“Bearing in mind that, since the campaign against illegal drugs was announced in the Philippines in mid-2016, there have been allegations of the killing of thousands of people allegedly involved in the drug trade and drug use,
“Reaffirming the determination of Member States to tackle the world drug problem and to actively promote a society free of drug abuse in order to help to ensure that all people can live in health, dignity and peace, with security and prosperity, and reaffirming also the determination of Member States to address public health, safety and social problems resulting from drug abuse,
“Emphasizing that the right to life must be respected and protected by all law enforcement agencies in their efforts to address drug-related crimes, and that allegations of drug-trafficking offences should be judged in a court of law that adheres to internationally recognized fair trial and due process norms and standards,
“Deeply concerned about allegations of threats, intimidation, and personal attacks directed against special procedure mandate holders, including the Special Rapporteur on the rights of indigenous peoples and the Special Rapporteur on extrajudicial, summary or arbitrary executions,
“Welcoming the statements made by the Government of the Philippines expressing its willingness to welcome independents experts from the United Nations to conduct an objective assessment of the situation of human rights in the country,
“Noting with appreciation the adoption in June 2019 by the House of Representatives of the Philippines of the Human Rights Defenders Protection Act,
“1. Urges the Government of the Philippines to take all necessary measures to prevent extrajudicial killings and enforced disappearances, to carry out impartial investigations and to hold perpetrators accountable, in accordance with international norms and standards, including on due process and the rule of law;
“2. Calls upon the Government of the Philippines to cooperate with the Office of the United Nations High Commissioner for Human Rights and the mechanisms of the Human Rights Council, including by facilitating country visits and preventing and refraining from all acts of intimidation or retaliation;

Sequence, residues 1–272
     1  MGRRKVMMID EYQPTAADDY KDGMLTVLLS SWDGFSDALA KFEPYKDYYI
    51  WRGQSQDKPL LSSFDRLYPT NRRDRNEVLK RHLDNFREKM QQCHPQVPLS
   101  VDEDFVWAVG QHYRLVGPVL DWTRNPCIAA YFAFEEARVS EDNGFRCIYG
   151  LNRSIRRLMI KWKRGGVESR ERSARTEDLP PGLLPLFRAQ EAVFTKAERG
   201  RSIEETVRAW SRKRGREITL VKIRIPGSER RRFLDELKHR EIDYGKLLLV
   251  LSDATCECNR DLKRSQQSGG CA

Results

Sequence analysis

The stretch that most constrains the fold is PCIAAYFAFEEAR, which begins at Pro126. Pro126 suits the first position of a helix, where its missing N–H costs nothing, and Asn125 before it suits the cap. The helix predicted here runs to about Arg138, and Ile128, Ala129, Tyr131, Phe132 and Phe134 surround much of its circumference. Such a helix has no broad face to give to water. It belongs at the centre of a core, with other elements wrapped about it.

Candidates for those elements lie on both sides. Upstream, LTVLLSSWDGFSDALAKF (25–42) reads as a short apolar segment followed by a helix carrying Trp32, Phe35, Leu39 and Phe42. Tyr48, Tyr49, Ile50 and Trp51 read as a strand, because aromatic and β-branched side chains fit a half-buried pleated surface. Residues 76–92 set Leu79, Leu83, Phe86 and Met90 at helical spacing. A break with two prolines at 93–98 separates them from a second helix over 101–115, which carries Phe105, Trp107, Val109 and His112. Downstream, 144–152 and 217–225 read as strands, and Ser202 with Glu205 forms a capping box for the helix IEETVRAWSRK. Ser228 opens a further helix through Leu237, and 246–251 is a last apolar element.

“3. Requests the High Commissioner to prepare a comprehensive written report on the situation of human rights in the Philippines, and to present it to the Human Rights Council at its forty-fourth session, to be followed by an enhanced interactive dialogue.”
While the premises may be seen as an indictment of the drug war, the resolution is far from a finding of guilt on the part of the administration. It merely directs the council to render a report, which in turn, will be the subject of “an enhanced interactive dialogue.”
Perhaps, it is about time the administration confronts the issue head-on. One can only go so far with the acerbic and dismissive rhetoric. Now is probably the time for actual engagement.
If the administration believes strongly — as it has stated on many occasions — that it has not committed human rights violations in the conduct of the drug war, and that the figures being bandied about by human rights groups and advocates are false and misleading, then it should make its case before the international community. The Philippine National Police (PNP) has maintained that its figures are accurate. Then it should be willing to share its data with the probers. The former police chief who is now a senator was quoted as saying he will have his head chopped off if it can be proven that extra-judicial killings are state-sponsored. Now that is not an easy bet to make, unless one is certain about his odds.
Tags: Jejomar C. Binay